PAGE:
If you happened to hear the band’s previous release, then you’ll be well aware of what to expect with Slow Death. The only difference here is that the audio quality is better all around. The atmosphere of the band performing in a dark room before is built up even more through a crisp, digital setting that make the performances intimate in an early second wave black metal manner. In fact, there’s a great deal of material here that mimics that style and era’s melodic counterparts scattered about the traditional chugs and grooves of the deathcore genre. Of course you do have the typical keyboard input that is becoming mandatory among those acts that try to be far more sinister such as Winds of Plague and Abigail Williams, but it’s executed in more of a straight-up Dimmu Borgir fashion. Even the vocals can sound as though Scott Lewis had been replaced by Shagrath himself when things line-up just right.
A perfect example of that would be “Drown Me in Blood”. The heated introduction seems to be spawned right from In Sorte Diaboli, and even the maniacal black metal chords and steady drumming that immediately follows feels right at home to that recording as well, not to mention a number of other glaring similarities that feel it necessary to hit you upside the head repeatedly as a reminder, though not in an unwanted manner. The guitar work sounds creepy and heated, giving way to the traditional groove oriented death metal that doesn’t share the same attitude at all but still works better to progress the track than the standard one chord chugging breakdowns that make up a good chunk of the song’s conclusion. Even “Necrotoxic” takes much of this style foundation but amplifies it into more of an atmospheric black metal direction, really playing up grand, empowering landscapes between the strong death metal riffs.
“Black Candles Burning”, however, is a nice mixture of all aspects of the black metal and deathcore worlds. The machine-gun bass kicks of the drum kit give the slower track a little more speed than it actually carries, allowing the guitars to throw some unsettling leads your way. Due to the tempo, the chugging and standard grooves blur the lines between your standard breakdown and slams with some traditional creeping brutal death metal inspiration that is effective despite not quite having the necessary impact behind it one would hope for. A lot of this can also be said for closing track “Servants to the Horde”, though this one largely tones down the use of the keyboard. Yes, it is still there during the chorus, but they seem to bow out, allowing the guitars to construct the final rounds of eeriness instead. The end result is the two working together to create something far more powerful than had it been dominated by one instrument in particular.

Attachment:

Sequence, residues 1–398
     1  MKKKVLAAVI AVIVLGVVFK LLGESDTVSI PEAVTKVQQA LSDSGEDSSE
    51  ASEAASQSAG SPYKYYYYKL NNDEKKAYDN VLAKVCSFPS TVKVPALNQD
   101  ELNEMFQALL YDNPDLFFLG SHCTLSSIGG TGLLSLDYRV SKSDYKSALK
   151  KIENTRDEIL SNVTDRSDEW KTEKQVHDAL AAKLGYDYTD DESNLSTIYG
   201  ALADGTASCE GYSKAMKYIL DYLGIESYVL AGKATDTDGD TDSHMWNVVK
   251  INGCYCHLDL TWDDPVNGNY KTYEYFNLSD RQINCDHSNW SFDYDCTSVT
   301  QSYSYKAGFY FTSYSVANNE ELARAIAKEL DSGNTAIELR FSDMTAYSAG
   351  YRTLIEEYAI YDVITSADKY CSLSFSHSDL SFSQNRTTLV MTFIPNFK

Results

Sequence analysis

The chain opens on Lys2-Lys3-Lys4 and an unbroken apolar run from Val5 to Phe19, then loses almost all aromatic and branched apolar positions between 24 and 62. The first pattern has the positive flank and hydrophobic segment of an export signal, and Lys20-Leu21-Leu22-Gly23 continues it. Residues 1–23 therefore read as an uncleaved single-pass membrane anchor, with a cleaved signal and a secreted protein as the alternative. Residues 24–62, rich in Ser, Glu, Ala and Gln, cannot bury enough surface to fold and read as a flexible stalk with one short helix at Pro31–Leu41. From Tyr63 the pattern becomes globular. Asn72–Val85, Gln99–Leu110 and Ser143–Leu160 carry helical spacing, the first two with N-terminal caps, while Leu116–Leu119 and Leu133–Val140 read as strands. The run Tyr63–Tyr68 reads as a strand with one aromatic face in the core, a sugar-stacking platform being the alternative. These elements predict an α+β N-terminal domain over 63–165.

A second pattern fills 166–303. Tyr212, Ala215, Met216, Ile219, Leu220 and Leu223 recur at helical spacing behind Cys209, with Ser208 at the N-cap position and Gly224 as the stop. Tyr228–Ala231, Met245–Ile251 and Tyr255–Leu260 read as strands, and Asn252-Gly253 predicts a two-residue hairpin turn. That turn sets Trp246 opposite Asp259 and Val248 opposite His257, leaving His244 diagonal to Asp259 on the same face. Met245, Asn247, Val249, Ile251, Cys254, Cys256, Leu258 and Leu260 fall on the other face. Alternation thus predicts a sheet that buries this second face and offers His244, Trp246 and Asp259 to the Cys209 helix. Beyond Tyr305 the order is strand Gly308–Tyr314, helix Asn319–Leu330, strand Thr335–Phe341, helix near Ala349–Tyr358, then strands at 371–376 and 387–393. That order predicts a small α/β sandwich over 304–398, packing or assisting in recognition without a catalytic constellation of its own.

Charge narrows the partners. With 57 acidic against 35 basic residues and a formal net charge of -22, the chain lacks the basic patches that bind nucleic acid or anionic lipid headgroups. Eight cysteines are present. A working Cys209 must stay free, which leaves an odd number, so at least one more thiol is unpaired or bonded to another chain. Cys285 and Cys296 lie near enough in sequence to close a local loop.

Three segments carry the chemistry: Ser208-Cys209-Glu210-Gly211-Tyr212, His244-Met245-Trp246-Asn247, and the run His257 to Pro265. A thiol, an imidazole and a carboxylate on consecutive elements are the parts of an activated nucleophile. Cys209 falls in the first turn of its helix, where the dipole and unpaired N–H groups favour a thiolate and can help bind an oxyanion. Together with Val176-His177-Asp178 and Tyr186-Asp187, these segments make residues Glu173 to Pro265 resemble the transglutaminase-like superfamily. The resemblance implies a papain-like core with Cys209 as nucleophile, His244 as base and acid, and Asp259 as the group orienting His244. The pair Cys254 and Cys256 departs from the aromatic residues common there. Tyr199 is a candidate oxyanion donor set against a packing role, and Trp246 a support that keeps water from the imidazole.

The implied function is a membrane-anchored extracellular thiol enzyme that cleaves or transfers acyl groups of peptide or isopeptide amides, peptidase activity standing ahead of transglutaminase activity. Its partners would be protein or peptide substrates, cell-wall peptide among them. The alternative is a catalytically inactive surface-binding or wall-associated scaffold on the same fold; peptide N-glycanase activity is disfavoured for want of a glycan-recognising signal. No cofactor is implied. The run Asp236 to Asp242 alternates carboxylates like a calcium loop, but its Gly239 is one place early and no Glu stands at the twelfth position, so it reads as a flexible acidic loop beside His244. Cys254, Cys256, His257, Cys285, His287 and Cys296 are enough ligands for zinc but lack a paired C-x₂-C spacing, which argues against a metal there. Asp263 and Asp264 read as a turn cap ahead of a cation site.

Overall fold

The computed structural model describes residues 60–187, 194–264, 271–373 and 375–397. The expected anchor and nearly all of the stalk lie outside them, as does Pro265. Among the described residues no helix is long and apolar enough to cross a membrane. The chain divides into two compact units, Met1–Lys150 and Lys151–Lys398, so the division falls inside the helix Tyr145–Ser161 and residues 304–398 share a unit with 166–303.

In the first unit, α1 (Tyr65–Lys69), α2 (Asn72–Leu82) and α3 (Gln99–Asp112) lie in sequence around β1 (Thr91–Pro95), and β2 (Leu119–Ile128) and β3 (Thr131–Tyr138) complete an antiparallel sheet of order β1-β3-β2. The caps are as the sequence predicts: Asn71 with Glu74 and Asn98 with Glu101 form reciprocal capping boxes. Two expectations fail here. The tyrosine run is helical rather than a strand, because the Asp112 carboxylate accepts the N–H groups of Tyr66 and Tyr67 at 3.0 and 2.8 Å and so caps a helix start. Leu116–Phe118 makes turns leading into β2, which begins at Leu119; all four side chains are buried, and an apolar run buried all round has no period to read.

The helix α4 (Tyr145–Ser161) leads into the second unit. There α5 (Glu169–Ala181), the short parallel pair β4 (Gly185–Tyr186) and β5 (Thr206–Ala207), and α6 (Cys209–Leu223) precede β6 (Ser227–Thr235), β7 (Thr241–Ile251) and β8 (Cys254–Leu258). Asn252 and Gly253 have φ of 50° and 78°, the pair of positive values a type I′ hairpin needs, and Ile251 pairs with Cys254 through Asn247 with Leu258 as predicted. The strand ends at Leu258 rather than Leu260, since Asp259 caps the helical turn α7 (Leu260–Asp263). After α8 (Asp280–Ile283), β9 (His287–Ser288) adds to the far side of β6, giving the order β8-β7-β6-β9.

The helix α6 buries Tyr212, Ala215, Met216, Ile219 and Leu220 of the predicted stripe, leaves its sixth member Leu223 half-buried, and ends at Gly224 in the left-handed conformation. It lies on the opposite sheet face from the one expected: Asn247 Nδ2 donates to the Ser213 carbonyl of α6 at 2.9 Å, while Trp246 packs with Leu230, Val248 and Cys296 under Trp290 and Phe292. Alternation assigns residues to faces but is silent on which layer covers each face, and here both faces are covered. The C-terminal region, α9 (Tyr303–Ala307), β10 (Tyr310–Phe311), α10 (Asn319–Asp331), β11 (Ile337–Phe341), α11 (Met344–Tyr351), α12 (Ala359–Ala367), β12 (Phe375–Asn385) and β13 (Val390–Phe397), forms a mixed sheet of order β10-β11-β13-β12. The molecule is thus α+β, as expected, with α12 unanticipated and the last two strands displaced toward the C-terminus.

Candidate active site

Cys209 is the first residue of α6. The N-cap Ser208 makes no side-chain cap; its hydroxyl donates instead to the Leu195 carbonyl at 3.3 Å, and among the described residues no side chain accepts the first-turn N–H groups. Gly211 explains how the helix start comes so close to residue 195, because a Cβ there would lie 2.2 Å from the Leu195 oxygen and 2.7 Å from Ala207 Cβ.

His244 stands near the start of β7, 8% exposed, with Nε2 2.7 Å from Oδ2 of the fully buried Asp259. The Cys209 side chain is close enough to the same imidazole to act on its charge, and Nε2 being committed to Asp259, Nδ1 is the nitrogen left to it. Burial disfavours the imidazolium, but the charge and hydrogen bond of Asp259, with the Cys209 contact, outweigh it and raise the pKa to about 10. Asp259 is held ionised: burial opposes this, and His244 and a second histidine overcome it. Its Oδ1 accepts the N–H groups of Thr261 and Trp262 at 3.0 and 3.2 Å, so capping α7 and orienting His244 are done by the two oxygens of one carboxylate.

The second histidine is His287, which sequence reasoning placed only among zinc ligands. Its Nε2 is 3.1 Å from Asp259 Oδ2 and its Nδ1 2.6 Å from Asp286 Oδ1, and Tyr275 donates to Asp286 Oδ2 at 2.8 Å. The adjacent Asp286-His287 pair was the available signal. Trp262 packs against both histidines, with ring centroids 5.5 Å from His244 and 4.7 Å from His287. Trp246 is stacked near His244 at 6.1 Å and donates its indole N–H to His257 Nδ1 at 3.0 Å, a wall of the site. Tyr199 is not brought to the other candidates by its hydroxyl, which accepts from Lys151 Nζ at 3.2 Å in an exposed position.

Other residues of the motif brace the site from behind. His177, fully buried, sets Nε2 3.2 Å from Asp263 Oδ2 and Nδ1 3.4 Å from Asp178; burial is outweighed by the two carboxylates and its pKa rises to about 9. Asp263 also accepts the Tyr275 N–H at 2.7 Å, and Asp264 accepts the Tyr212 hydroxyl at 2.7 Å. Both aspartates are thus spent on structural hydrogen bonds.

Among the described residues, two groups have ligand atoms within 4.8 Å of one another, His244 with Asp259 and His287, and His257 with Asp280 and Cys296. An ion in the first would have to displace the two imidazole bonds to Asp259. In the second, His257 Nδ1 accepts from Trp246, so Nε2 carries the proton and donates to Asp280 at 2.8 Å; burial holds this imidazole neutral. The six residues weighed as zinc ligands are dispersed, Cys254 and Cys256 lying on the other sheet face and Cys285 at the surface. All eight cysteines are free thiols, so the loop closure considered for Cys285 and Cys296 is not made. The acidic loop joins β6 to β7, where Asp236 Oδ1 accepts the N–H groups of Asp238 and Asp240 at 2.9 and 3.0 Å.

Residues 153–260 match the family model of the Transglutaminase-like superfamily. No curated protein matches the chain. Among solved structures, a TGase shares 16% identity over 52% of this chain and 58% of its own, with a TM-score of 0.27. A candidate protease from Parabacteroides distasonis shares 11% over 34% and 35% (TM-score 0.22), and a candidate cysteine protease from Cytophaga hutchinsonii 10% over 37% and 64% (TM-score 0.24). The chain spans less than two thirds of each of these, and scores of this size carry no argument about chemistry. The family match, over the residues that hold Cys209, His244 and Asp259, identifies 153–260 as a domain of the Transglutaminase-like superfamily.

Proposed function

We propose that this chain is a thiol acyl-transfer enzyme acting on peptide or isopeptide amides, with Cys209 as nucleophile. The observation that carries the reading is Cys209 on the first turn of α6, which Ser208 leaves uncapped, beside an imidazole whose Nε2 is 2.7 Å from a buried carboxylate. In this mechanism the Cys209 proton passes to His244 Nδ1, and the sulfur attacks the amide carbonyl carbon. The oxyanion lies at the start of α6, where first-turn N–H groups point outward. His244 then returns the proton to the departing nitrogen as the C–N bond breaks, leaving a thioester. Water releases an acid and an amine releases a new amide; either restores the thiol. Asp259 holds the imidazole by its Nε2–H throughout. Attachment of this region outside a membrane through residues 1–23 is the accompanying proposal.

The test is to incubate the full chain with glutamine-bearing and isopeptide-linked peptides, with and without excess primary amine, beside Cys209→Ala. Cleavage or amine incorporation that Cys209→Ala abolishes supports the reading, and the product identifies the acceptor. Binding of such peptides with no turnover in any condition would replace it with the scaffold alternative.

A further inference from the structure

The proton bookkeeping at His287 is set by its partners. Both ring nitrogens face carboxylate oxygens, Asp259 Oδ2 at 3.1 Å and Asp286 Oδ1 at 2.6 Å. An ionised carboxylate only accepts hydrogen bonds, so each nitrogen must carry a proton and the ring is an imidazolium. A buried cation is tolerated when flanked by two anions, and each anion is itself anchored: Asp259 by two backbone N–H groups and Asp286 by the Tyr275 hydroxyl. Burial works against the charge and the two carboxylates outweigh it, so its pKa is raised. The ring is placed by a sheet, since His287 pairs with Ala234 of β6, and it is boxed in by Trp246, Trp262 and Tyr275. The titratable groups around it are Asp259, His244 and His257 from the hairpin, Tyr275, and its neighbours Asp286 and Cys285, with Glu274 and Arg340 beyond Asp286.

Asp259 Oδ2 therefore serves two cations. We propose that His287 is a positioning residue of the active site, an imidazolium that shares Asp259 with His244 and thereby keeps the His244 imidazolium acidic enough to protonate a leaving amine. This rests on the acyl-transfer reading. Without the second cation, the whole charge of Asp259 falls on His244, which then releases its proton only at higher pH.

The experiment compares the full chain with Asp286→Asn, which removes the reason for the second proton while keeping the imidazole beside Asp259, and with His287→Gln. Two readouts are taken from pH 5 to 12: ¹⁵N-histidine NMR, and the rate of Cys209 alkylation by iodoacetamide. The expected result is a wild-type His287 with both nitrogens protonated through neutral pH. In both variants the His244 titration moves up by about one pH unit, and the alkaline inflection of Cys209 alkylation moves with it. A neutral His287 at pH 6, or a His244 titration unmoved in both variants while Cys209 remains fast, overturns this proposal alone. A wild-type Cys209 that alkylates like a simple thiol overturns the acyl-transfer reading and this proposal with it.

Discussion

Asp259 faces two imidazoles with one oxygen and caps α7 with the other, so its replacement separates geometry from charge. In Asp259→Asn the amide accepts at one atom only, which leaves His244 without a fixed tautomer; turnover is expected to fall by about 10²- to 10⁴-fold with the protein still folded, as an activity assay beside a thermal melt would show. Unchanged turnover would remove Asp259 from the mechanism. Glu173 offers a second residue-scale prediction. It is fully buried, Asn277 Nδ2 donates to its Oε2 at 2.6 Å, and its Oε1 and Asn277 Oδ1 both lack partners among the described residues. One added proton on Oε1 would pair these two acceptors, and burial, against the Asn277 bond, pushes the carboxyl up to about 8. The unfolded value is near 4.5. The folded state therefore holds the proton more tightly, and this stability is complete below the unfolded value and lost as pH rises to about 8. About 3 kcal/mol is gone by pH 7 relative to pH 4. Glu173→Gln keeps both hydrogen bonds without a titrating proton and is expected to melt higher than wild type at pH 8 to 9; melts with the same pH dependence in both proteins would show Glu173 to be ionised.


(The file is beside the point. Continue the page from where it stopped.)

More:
But, for all the positive aspects of this release there of course has to be that one nagging downfall: The breakdowns. There’s no denying that Carnifex as a whole is having a blast putting this album together in the studio. There’s a great deal of life in the performances that simply cannot be artificially constructed through machinery or mastering, and that enthusiasm is felt very early on in “Dark Heart Ceremony” with its grim hooks and dark, ritualistic atmosphere Cradle of Filth could even appreciate. While the breakdowns work here due to the slower nature of the song and how the second leads to a glorious guitar solo, the rest just seem to interrupt the flow, grinding to a halt to accommodate the kiddies in the pit that want to dance, spin kick, or practice being a windmill. They can even feel forced into the mix during the more hardcore cuts like “Slow Death”, which is a sign of a band that has outgrown the typical tropes of the particular style they were birthed from.
There’s also a few typical deathcore cuts with a subtle modern Carnifex sound for good measure. “Six Feet Closer to Hell” is the most obvious example despite the brief keyboard notes here and there, especially during the start where it bares those blackened fangs just for a brief while. However, not even thirty seconds into the performance, you’re met with a far more hardcore approach that makes you want to jump along with the attitude fuelled music and vocals. This and additional mathcore complexities such as a minute after that initial change of pace throwback to the group’s roots, and not in the most flattering of ways. Admittedly though, this one is fun in a far more simplistic composition that is meant to cater to a live audience more than their average fan listening at home. While you can still sense the joy and pride within the performance, you can also tell this is the only song that seems like an obligation to appease the fanatics that have been in it for the long haul.
If Die Without Hope were the near-finished blueprints to Carnifex‘s new sound, then Slow Death stands as the evolutionary payoff. This is the kind of album that speaks volumes to a group’s abilities, showing that not only have they achieved the sound they wanted to make and are excited to share it with the world, but also kind of lays the groundwork for the further advancement of an entirely new style that had only been more of a gimmick since its inception. That isn’t to say Slow Death is perfect though. In reality, it’s just not. There’s still some room to grow as the band explores how to make the two worlds merge together without jumping from one atmosphere to another when one influence begins and another ends, as well as how to make the breakdowns work in favor of this new sound instead of forcing them into the mix because they apparently have to exist even though they’d be better off left out of the majority of the recording in the first place. That said, Slow Death stands as one of the most impressive offerings in the deathcore field as of late, not to mention one of the more important ones that simply needs to be heard.